Another Metro Vancouver municipality is turning to small homes to tackle the big problem of housing unaffordability.
On Tuesday, Port Coquitlam became the latest city to allow for coach homes or laneway houses, following the lead of communities on the North Shore, the City of Vancouver and Coquitlam.
Councillor and acting mayor Brad West says decreasing affordability in the city was the impetus for the move.
"I know a number of people, who like, me have grown up in Port Coquitlam, think it's a great place to live, want to start a family here but haven't been able to afford a place," West, 31, said.
"They've had to look further out … the housing market is crazy. It's darn near impossible for young people starting out to get into a house."
West says coach homes will increase the rental housing stock, but hopes they can also help aspiring owners by providing a "mortgage helper" with rental income to help pay for their purchase.
"For young people who live in our community and are interested in staying in our community, this is a real positive thing. It's going to create more options."
Vancouver has over 2,000 laneway houses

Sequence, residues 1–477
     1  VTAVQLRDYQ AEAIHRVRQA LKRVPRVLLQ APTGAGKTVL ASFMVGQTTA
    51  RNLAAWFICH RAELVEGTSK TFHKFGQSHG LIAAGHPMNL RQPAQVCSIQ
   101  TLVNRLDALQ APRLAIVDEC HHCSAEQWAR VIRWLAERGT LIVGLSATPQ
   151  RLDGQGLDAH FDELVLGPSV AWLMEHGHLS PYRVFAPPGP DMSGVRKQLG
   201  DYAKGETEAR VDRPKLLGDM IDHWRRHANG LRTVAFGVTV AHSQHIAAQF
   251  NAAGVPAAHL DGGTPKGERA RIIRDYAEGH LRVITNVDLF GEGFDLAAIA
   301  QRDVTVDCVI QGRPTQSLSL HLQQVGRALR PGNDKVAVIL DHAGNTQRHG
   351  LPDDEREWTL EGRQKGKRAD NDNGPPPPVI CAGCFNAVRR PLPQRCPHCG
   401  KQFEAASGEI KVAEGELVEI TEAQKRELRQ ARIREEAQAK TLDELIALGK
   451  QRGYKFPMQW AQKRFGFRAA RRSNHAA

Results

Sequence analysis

The city's director of development services, Laura Lee Richard, says coach homes will be allowed in neighbourhoods that mostly have single-family homes.
The size restriction is the same as in Vancouver, with homes capped at 70 square metres or 753 square feet. They must be smaller than the principal dwelling and the lot can't be subdivided or stratified.
Residents have to apply for a development permit through the city, and if they meet the requirements they can start building.
"I was pleased to see the number of people at the public hearings," West said. "If that's a sign of public uptake we're in good shape."
Tuesday's unanimous council vote followed months of public consultation.
2010 was the first full year that permits for laneway homes were granted in Vancouver, and the city approved 192 projects. Now, more than 2,000 of them dot lanes and back yards.
The Canadian Mortgage and Housing Corporation puts the rental apartment vacancy rate in the Tri-Cities, which includes Port Coquitlam, at 1.7 percent. The average monthly rent for a two-bedroom apartment is $1,112.
With files from Megan Batchelor